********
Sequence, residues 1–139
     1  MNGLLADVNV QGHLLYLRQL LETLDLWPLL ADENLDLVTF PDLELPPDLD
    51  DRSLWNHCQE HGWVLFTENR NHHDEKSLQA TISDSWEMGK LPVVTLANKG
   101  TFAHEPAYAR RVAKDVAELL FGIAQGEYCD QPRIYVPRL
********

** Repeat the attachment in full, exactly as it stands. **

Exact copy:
Sequence, residues 1–139
     1  MNGLLADVNV QGHLLYLRQL LETLDLWPLL ADENLDLVTF PDLELPPDLD
    51  DRSLWNHCQE HGWVLFTENR NHHDEKSLQA TISDSWEMGK LPVVTLANKG
   101  TFAHEPAYAR RVAKDVAELL FGIAQGEYCD QPRIYVPRL